Your loved one has finally agreed to get treatment. After years of watching them struggle and possibly deny the presence of an eating, substance abuse or mood-disorder, they are now embarking on the journey to hope and healing. Of course, this feels like a relief and is cause to celebrate, but in some ways, it may get harder before it gets easier. There are incredible challenges for family and friends trying to support a loved one in treatment and after discharge, but they can be managed and overcome when they’re faced head-on, prepared for, and met with compassion and unconditional love.
If you have not previously known someone who has received treatment for a behavioral health issue and recovered, knowing how best to support can feel like groping around in utter darkness. What do I say, or not say? How do I act around food, or at a party with alcohol? When do I confront, or mention that I notice behaviors? What do I do when I feel frustrated, angry, and alone? These are all important questions to ask as one seeks to learn how to best encourage their loved one on the healing journey.
The first step should be to seek support while your loved one is in treatment. It is not unusual for treatment centers to involve certain appropriate family members in therapy sessions, but this does not suffice for creating your own support network. You are not alone in your struggle, but if you as a family member or friend remain isolated, you’d never know it. Consider going to a therapist for individual counseling, and ask treatment providers about recommendations for family/friend support groups, or seek out a ministry at your church, synagogue, or other faith-based organization. There are many resources available for loved ones of those in recovery, it just takes seeking them out. Creating a community of support, where you can speak honestly about your own feelings regarding your loved one will be your lifeline throughout their recovery process and when they come home from treatment. You will not be able to support your loved one well if you are not emotionally and mentally healthy yourself.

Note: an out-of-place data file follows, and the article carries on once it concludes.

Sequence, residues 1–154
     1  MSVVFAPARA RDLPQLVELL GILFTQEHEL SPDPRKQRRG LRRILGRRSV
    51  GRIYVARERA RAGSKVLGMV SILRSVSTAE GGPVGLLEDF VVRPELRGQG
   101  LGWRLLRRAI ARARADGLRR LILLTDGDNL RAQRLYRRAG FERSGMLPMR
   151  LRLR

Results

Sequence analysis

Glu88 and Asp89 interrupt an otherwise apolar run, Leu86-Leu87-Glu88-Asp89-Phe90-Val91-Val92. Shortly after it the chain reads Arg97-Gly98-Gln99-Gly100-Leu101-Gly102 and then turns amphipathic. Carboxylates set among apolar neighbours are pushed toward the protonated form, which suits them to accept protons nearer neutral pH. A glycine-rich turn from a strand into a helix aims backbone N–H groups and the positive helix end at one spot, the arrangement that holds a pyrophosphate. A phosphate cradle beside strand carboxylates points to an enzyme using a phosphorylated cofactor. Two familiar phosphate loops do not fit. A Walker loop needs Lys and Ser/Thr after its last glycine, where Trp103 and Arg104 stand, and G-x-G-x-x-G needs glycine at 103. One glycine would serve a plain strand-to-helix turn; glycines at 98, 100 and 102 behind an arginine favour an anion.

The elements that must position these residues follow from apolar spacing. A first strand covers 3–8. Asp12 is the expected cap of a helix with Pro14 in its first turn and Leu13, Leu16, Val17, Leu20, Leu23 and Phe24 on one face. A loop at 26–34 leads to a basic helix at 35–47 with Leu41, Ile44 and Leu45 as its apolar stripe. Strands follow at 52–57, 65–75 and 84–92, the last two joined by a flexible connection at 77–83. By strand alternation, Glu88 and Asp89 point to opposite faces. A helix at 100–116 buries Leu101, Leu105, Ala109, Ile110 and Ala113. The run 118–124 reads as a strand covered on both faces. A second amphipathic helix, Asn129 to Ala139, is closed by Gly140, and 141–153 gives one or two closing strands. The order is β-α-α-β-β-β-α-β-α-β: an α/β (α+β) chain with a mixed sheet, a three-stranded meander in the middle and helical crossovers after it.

The second step will be to practice listening. Your loved one is on a journey of transformation, in essence, becoming a new person. In that process, many past wounds may need to be dealt with, issues may need to be confronted, and they may need to express pain, regret, anger, or feelings of shame or guilt. It is important to listen, not argue. They are processing, with the guidance of professional help. Listen without formulating opposing arguments or self-justification. Affirm and validate their feelings: you may not agree with what they are saying, but affirm that you hear them, and you are there for them. This helps to give them confirmation that they can trust opening up to you, affirms that they can be themselves, and helps them to see they are worthy of love and support.
The third step will be practicing unconditional love. Yes, as a parent of an adolescent, it will be imperative that you keep an eye out for behaviors, isolation, the recurrence of depression or anxiety or deception. But if your loved one is an adult, they are making decisions for themselves and on their own, and your role is not to try to control the pace or path of their journey, but to express your unconditional love and support. That doesn’t mean enabling – in fact, confronting someone with compassion and heartfelt concern can be one of the most loving things you can do. It does mean ensuring your loved one knows that even if they relapse, hit a plateau in their recovery, have outbursts of emotion, or do not recover “fast enough,” your love does not diminish or grow weary. When you continue to believe in them, despite ways they feel that they are failing, it empowers them to continue to believe in themselves.
There are many other important tools one can learn in order to support a loved one in recovery; that is what family support groups and professional help can provide. If you are in the battle to help your loved one heal, know that you are not alone, and that families do recover and go on to find wholeness in a way that they could not have imagined. There is hope. With your own support network, preparation and unconditional love, you will be an essential part of the recovery process and helping your loved one find lasting freedom.